II.      The injunction itself—

Two things are here pointed out:

1.       What is to be the great object of our life—

[We must “seek the Lord our God.” We must seek his favour; for without that we can do nothing, to any good purpose. But let us seek it in his appointed way, by faith in his dear Son — — — “Christ is the only way to the Father, nor can any come acceptably to God, but by him, and through him [Note: Joh_14:6.].”

We must seek his direction also, without which we are sure to err. The Israelites in the wilderness did not need the guidance of the pillar and the cloud more than we. Let us, therefore, watch its motions; and beg of God that we may have at all times that promise fulfilled to us, “The meek he will guide in judgment, the meek he will teach his way [Note: Psa_25:9. See also Isa_30:21.].”

His glory, too, we must seek. We must on no account be acting with a view to our own honour or interest, but simply and entirely to the honour of our God. And this principle we must carry into the minutest actions of our lives: “Whether we eat or drink, or whatever we do, we must do all to the glory of God [Note: 1Co_10:31.].”

In a word, we must seek in all things His final approbation. To be applauded of men will be of little avail to us, if in the last judgment we be condemned by our God. We must proceed in the way of duty, whatever man may either say or do: and to obtain the plaudit of our God, “Well done, good and faithful servant!” must satisfy us, whatever we may sacrifice for his sake, or whatever we may suffer.]

2.       In what way we are to prosecute it—

[We are not to engage in the Lord’s work with a stupid indifference; but to embark in it, even as David did, with “our whole heart and our whole soul.” It is thus that God interests himself for his people [Note: Jer_32:41.]: and shall we do less for him, than he for us? The work which we have to do is “our very life [Note: Deu_11:18; Deu_32:46-47.]:” and on the manner of prosecuting it depends our whole success. We must “set our heart and our soul to it [Note: Deu_4:29.];” and, like Joshua, determine, that, though all other people should dissent from us, “we will serve the Lord” — — — In this we may learn even from the wicked. They, many of them at least, have “their heart fully set in them to do evil,” and they do it “with both hands earnestly [Note: Ecc_8:11 and Mic_7:3.]:” and we, also, must “with full purpose of heart cleave unto the Lord [Note: Act_11:23.],” and “be steadfast and immovable, and always abounding in the work he has assigned us [Note: 1Co_15:58.].”]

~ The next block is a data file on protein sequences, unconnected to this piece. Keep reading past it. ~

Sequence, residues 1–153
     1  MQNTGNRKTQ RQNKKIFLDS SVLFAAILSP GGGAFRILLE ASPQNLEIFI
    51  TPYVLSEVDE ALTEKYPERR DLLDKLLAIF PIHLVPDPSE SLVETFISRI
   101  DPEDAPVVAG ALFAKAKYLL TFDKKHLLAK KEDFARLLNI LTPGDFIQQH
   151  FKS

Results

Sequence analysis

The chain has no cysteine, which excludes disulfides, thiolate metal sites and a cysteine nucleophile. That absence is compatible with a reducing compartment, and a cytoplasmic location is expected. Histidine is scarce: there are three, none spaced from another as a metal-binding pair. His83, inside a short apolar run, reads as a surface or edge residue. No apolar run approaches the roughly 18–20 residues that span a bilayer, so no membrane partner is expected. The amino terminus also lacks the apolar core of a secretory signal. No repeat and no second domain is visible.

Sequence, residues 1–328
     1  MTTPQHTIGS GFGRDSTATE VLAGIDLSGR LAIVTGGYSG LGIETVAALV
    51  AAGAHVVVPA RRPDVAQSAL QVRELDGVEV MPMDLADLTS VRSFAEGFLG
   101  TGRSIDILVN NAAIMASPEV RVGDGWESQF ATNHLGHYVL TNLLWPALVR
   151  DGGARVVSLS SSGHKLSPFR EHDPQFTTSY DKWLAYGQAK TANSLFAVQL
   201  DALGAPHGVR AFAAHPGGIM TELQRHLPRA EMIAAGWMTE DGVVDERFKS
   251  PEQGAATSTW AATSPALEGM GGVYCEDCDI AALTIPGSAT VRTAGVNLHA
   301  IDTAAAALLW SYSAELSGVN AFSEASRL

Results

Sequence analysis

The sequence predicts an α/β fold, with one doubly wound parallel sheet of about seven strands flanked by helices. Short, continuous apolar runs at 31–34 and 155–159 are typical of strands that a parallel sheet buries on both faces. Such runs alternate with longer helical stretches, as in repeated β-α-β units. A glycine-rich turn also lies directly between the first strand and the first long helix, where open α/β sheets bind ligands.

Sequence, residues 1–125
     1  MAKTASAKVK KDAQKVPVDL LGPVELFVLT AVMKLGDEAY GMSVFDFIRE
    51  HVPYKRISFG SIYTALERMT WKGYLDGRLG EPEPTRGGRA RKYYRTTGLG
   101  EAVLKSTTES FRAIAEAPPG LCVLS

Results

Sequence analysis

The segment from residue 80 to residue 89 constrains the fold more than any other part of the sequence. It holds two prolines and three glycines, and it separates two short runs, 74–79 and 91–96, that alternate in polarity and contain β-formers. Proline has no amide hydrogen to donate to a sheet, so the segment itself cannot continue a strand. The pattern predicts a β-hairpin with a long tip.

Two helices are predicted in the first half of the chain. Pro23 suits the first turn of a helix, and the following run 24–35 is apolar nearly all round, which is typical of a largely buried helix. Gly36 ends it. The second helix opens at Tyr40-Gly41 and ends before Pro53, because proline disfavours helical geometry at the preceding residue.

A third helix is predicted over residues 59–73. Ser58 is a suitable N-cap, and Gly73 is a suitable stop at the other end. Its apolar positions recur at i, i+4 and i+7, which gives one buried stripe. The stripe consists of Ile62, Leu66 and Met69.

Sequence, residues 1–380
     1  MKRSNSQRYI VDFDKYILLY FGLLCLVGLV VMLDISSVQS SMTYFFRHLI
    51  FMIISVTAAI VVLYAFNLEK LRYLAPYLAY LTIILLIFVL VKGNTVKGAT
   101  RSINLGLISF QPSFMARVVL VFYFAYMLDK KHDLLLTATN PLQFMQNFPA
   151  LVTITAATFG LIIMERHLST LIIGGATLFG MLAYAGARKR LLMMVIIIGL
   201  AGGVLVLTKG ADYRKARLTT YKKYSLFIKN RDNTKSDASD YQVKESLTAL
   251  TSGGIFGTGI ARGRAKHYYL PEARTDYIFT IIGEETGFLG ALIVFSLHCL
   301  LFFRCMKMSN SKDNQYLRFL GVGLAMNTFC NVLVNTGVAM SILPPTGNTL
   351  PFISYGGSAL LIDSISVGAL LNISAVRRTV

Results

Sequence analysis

And Now,

1.       Avail yourselves of the opportunities afforded you for public usefulness—

[Verily, these are days in which it is an inestimable privilege to live. The facilities afforded for the exercise of piety and benevolence are altogether unprecedented. The poorest, as well as the rich, may contribute to the building of God’s spiritual temple, and by their prayers may prevail to an unknown extent. And our encouragement is great. There is already a dawn of a very glorious day; and we see the drops that precede an abundant shower. Spread then your sails, now that the wind is favourable: and in whatever department of God’s work you are employed, set your heart to it, and “do it with all your might.”]

2.       Begin with a surrender of your whole souls to God—

[All acceptable service to God must begin within our own bosoms. If our religion begin not at home, we shall be only like the builders of Noah’s ark, who prepared for others a deliverance of which themselves did not partake. The Macedonians were commended by St. Paul especially for this, that whilst they exercised benevolence towards others with unrivalled zeal, “they first gave their own selves to the Lord [Note: 2Co_8:3-5.].” This is what we also must do: and this we shall do, if our hearts be right with God: we shall, each for himself, and all in concert, determine to “go and seek speedily the Lord of hosts:” and, when we exhort others to that good work, we shall, “every one of us, be forward to say, I will go also [Note: Zec_8:20-22.].”]